April 2020 Outlook
The S&P 500 reached a record high on February 19, 2020. It seems like an eternity since then. The equity market sold off 34% to 2237 by the end of day on March 23, then recovered to close at 2584 on March 31 – finishing the first quarter down 19.6%. To illustrate the market’s uncertainty, mixed among the selloff in March were 3 of the 20 best days ever recorded in the equity market, according to Bianco Research. The stock market gets the award for volatility over the last five weeks, but the bond market takes a close second. In a single 24-hour period, we saw the yield on the 10-year U.S. Treasury bond fluctuate by 25 basis points (1/4 of a percent) – twice! Normally, that kind of movement takes a month or more to show up in the bond market.
While the bond and stock market searches for a point of equilibrium in the face of current news, it is also wrestling with a liquidity disruption. In short, this means there were more sellers than buyers. Everybody in the market wanted liquidity at once. Buyers turned defensive and wanted to hold cash. Investors wanted to turn some of their current holdings into cash. Banks were raising cash by selling municipal bonds. Insurance companies needed cash for claims. The list goes on. Investment-grade bond funds and exchange traded funds (ETFs) saw $300 billion in outflows over the last two weeks. Spreads on all types of bonds widened noticeably, resulting in near-term market value decline. Then, the Federal Reserve stepped in to provide liquidity. Toward the end of March, spreads had recovered about half of their value, and they’re tightening more as we speak. There are still some dislocations in mortgage-backed bond markets (both residential and commercial), but that may be a topic for another day.
Managing Investments During a Pandemic
A common question we’re asked these days is what we have been doing in investment portfolios to address the coronavirus situation. Actually, portfolio adjustments need to be in place prior to any specific event to make a difference. For many months before the coronavirus really began to impact us, our strategies included raising the quality of bond portfolios, adding equity exposure in more defensive sectors such as utilities, and giving preference to sectors with strong cash flows. The reality is that aside from some specific tax management strategies, it is very difficult to rearrange a portfolio in a highly volatile environment, especially one compounded by liquidity issues like we have in the market today. For example, the ETF that tracks the Bloomberg Barclays Aggregate Index was trading for several days at a 4.25% discount to its net asset value (yes, trust clients who use our model portfolio strategy also benefited from this trade).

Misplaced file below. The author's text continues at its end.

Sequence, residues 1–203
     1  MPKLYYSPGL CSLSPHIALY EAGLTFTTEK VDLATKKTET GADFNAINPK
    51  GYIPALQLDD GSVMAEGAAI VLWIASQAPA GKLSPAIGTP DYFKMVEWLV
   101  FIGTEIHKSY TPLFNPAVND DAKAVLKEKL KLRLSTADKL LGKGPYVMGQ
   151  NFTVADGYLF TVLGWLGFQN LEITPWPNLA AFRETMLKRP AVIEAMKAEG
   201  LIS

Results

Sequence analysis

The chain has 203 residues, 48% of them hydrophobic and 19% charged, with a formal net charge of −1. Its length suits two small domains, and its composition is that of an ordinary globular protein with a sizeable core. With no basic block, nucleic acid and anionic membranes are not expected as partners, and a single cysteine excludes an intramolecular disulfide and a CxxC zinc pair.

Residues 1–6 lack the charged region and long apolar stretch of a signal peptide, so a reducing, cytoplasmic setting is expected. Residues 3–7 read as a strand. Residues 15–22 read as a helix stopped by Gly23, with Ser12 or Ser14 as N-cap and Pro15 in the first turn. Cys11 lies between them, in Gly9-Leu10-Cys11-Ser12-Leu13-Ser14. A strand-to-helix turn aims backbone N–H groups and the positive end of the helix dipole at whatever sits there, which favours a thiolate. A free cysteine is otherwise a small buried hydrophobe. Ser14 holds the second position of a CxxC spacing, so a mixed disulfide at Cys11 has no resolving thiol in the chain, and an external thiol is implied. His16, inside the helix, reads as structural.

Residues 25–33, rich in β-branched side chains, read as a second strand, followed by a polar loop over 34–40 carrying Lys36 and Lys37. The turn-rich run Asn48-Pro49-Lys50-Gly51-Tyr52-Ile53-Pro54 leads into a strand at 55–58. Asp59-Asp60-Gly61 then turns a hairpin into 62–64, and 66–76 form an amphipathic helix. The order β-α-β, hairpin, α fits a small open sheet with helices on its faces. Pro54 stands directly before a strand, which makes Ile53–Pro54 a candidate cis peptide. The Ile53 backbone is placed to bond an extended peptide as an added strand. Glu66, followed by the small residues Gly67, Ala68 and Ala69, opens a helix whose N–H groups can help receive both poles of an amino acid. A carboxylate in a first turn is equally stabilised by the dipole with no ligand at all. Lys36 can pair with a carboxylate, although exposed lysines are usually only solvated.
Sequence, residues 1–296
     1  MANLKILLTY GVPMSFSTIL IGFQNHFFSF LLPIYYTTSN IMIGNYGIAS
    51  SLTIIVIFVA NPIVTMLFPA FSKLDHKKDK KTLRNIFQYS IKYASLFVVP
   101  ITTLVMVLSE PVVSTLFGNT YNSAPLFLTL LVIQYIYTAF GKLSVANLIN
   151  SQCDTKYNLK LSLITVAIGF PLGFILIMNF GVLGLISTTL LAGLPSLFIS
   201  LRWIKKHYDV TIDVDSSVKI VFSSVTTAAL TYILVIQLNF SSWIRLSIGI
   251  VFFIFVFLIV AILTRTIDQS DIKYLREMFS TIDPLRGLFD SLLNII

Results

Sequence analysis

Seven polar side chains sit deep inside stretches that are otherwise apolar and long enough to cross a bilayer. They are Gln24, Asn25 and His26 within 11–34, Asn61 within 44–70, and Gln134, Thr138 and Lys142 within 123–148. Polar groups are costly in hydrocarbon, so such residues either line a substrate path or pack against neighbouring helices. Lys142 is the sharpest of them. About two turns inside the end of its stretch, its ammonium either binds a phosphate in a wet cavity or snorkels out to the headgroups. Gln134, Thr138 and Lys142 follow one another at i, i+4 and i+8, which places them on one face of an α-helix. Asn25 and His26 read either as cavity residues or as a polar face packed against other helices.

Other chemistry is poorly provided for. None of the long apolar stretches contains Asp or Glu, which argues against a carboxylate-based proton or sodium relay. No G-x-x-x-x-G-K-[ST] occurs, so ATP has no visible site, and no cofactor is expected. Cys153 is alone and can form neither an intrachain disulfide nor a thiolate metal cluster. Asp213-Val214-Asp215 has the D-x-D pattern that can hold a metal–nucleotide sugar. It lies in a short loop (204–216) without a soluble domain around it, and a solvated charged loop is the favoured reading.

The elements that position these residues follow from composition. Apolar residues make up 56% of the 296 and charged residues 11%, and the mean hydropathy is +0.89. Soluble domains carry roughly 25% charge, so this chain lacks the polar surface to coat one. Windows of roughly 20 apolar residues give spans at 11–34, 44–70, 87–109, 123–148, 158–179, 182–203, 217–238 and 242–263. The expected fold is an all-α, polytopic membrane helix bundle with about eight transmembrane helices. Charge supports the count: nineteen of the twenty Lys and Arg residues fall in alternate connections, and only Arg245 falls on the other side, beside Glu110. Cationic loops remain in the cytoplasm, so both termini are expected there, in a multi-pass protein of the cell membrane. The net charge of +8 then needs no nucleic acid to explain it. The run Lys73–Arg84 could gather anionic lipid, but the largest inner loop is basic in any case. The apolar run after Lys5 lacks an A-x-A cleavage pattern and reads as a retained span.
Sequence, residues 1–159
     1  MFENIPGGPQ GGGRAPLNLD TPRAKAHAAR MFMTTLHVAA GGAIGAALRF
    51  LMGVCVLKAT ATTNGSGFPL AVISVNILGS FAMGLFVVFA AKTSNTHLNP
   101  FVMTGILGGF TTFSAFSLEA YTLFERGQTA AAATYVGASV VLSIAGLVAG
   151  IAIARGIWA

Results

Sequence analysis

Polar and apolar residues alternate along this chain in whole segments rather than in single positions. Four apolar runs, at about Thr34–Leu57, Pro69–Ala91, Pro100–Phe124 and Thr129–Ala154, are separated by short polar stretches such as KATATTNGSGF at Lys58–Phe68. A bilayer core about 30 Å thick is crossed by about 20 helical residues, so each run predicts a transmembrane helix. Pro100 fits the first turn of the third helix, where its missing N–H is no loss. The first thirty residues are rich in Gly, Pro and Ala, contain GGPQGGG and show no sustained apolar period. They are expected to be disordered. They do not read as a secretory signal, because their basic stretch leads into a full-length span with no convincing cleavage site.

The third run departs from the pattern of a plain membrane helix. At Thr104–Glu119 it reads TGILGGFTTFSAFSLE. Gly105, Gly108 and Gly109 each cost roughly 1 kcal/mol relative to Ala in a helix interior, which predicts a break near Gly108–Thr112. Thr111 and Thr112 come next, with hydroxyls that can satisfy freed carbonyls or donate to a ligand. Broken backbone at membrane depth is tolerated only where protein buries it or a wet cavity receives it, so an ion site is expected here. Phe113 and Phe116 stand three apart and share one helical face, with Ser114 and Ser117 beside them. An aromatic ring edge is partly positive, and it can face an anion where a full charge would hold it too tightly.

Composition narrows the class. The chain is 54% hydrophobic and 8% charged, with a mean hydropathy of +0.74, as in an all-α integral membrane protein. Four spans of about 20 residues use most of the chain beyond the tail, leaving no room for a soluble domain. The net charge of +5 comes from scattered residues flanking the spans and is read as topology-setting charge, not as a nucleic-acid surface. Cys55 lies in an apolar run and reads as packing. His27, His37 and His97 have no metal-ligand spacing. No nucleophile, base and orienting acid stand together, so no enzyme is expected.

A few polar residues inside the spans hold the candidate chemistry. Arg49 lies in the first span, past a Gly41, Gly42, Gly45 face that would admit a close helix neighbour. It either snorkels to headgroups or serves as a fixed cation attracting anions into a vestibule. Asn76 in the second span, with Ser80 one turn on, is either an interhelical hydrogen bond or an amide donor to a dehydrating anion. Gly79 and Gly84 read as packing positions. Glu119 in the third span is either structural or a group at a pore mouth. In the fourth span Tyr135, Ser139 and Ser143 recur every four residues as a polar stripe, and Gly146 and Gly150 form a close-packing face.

What does the economy look like moving forward? We expect to see rapidly rising unemployment numbers, downward pressure on gross domestic product (GDP) and noticeable, downward adjustments to corporate profit outlooks. There appears to be a belief that as soon as the virus fades, the economy will pick up where it left off. We don’t think it will be that simple – we can’t just hit some sort of “reset” button like it’s a video game. Instead, we’ll have to move through lingering consequences before the economy can establish a new footing. That’s going to be the reason behind more anticipated fiscal programs from Congress, beyond the $2.2 trillion package – about 5% of GDP – recently passed. When everything migrates back to normal, we expect to see demand in excess of supply for a time, perhaps bringing some inflation with it.
In the meantime, consumers are wondering when life returns to normal, when restaurants will open up, and when they can get on an airplane again and move about without any restrictions. In the investment world, getting through events like this requires patience, discipline and long-term focus. Asset allocation is extremely important. If your allocation was not properly aligned to your personal investment profile before our current situation began, the best strategy is to wait for things to recede before addressing it. Moving through times like these is like driving on an icy road – don’t make any sudden moves, or you’ll end up in the ditch.